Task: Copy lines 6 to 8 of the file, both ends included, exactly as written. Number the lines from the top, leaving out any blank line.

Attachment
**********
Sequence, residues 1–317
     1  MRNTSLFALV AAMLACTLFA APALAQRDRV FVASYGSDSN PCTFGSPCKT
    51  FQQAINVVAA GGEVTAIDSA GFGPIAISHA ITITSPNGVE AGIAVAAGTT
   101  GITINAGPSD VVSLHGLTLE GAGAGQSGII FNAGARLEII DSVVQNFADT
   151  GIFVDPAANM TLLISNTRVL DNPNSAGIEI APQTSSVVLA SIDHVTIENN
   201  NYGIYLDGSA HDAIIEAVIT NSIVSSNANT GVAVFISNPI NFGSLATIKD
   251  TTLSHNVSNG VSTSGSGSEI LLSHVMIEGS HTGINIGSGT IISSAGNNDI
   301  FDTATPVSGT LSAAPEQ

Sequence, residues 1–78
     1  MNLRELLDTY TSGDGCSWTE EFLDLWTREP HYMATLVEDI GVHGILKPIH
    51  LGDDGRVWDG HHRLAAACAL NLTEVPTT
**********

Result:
   201  NYGIYLDGSA HDAIIEAVIT NSIVSSNANT GVAVFISNPI NFGSLATIKD
   251  TTLSHNVSNG VSTSGSGSEI LLSHVMIEGS HTGINIGSGT IISSAGNNDI
   301  FDTATPVSGT LSAAPEQ